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By Scott Halihan (Rebel79)


The radiator is a crucial part of your engine’s cooling system.  When planning to build a motor, replacing the stock radiator should be seriously considered.  Keeping your motor cool can save unnecessary wear and tear and reduce pinging.  On our project car, a blown 1994 Cobra, the stock radiator was not enough to keep the 308ci block cool.  The motor was consistently running at 215° that significantly impaired the amount of horsepower the motor was capable of producing.  So, installing a Steeda Heavy Duty Aluminum Radiator was a necessary modification.  The Steeda radiator is more than 3 time as thick as the stock Cobra radiator, plus it has 3 cores compared to the Cobra’s 2-cores.



Replacing a radiator is a fairly simple task and requires less than an hour and half.  Start by emptying the fluid from the radiator.  Place a drain pain under the passenger side of the radiator.  There is a plastic wing nut located near the bottom of radiator on the passenger side.  Loosen the wing nut and allow the fluid to drain.  In order to completely remove all of the fluid remove the radiator cap.  For the second step, remove the sheet of plastic covering your radiator, by removing the plastic plugs that hold it in place.  These can be a bit tricky to remove if you have not done it before.  A screwdriver and a pair of pliers can aid you in this task.  Next, take off the two bolts holding your overflow bottle into place.  On 94-98 models there is another bolt holding the overflow bottle to the bottle mount.  The bottle can be removed by a slight tug upward.  Be sure to disconnect the rubber line running to the radiator neck.  Set the overflow bottle aside.  Loosen and remove the bolt to the radiator bracket located to the left of the overflow bottle mount.  If you have an electric fan, remove the wiring harness from the fan.


The upper radiator hose needs to come off next.  Loosen the two screw clamps located on each end of the hose.  Once loose, pull off the hose and set it aside.  Move the drain pan for your coolant under the lower radiator hose located on the driver’s side of the radiator.  The clamp holding the lower hose to the radiator requires some pliers to grasp and squeeze the clamp.  Move the clamp to a different part of the hose to allow for the removal of the hose.  Be careful, as some coolant will spill out of the radiator where the lower hose was attached.

To remove the electric fan, if you have one, remove the 2 bolts on the driver’s side, which attach the fan to the radiator.  Now the only thing holding the radiator in place are two bolts located above your driver’s side headlight.  They are hidden so it may take some searching to find them.  After their removal the radiator can be lifted straight out.  Before you put in the new radiator, be sure to remove any plastic plugs or tape covering the openings.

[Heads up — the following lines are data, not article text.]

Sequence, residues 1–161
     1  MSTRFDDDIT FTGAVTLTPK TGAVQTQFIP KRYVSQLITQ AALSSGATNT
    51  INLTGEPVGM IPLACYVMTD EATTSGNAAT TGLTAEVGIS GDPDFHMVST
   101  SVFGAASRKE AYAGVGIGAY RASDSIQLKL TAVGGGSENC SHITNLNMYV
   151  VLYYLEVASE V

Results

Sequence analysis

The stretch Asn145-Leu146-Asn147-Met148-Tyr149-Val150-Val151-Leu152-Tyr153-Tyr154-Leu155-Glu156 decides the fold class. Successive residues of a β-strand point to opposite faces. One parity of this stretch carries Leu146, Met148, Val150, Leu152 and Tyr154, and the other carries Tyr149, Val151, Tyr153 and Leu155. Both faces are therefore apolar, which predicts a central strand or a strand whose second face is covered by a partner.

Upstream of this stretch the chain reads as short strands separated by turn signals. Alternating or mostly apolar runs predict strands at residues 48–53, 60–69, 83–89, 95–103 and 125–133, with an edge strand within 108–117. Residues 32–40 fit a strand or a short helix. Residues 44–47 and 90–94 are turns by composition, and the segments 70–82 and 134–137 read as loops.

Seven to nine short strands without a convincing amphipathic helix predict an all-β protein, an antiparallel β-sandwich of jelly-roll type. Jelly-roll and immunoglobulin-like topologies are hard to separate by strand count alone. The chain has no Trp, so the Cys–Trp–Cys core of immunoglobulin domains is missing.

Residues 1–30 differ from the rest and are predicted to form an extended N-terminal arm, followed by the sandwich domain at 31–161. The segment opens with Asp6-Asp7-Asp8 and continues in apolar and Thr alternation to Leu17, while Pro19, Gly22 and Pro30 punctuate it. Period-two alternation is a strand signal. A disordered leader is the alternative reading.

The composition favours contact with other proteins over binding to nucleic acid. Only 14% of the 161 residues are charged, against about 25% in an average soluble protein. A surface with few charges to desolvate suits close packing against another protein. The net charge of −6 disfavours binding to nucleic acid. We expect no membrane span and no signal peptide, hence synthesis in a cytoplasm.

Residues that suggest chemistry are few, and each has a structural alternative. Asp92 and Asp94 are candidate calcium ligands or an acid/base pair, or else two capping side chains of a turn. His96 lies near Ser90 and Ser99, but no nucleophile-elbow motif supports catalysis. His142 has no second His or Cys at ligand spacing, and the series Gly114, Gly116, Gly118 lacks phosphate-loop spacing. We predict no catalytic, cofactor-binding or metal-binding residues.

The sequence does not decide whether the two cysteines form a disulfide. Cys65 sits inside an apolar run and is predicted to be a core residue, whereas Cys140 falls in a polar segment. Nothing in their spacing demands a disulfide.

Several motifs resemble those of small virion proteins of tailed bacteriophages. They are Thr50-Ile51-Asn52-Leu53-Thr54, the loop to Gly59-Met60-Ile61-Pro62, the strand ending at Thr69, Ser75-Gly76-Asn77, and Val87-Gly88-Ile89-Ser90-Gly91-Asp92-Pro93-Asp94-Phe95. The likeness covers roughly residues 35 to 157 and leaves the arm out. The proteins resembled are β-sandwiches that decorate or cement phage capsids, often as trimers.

The radiator has two metal ‘feet’ that slide into the rubber mountings on the bottom of your frame.  Take special care to be sure that the feet are properly seated in the mounts.  Insert and tighten the two bolts removed from above the headlight.  Attach your fan shroud and bolt it into place.  Add the radiator bracket on the left-hand side and tighten down.  The overflow bottle can be inserted next… it may require a hard push to get it to snap into place.  Once in place, bolt it to the mount, and attach the mount to your frame.  On the Cobra there are 2 places on the overflow bottle mount to bolt it to the frame.  We chose to use the holes closest to the overflow bottle to make sure that it was tight and secure.  We didn’t want the bottle to come loose at a run at the drag strip and get caught in the belts!  Inspect your upper and lower radiator hoses for possible cracks or small holes that can cause a leak after re-installing them.  Your clamps may also be worn and may need to be replaced.  Install the upper and lower radiator hoses and tighten down the clamps on both sides.  Use Teflon tape on the new wing nut supplied with the new radiator and screw into place.  In order to attach the rubber hose from your overflow bottle to the radiator neck, use the supplied npt plug and use a wrench or ratchet to tighten.  Don’t forget to wrap it a couple of times with Teflon tape as well.  DO NOT over-tighten the npt plug as it may strip the bung in the radiator neck!!!  Reconnect the harness to your fan.  Double-check everything!  Make sure all of your hoses are properly installed and secured.


To fill the radiator, first start the motor and then pour anti-freeze into the radiator using a funnel.  Turn your heater on to high and run at full blast.  This will help remove any air bubbles trapped in your coolant system.  Keep in mind that the new radiator will hold more fluid than the stock one.  Once the radiator is full, allow the motor to warm up to operating temperature.  As the motor warms up the fluid in the radiator will rise so be careful not to let it overflow.  If necessary give the upper radiator hose a few squeezes to be sure all the air pockets get pushed out the system.  Carefully install the radiator cap and secure it.  Use a rag to protect your hand because the cap will heat up rather quickly.


For the project car, the radiator made a drastic difference in the operating temperature. As stated before it used to run at 215° constantly.  With the new Steeda Heavy Duty Aluminum Radiator, it consistently runs at 180° in cold weather, dropping to 165° once the thermostat opens.  In warmer weather, the highest temperature reached was 190° however the Cobra has a chip which turns the electric fan no at 190°. For 94 to present Mustangs, the fan should turn on between 210°-230°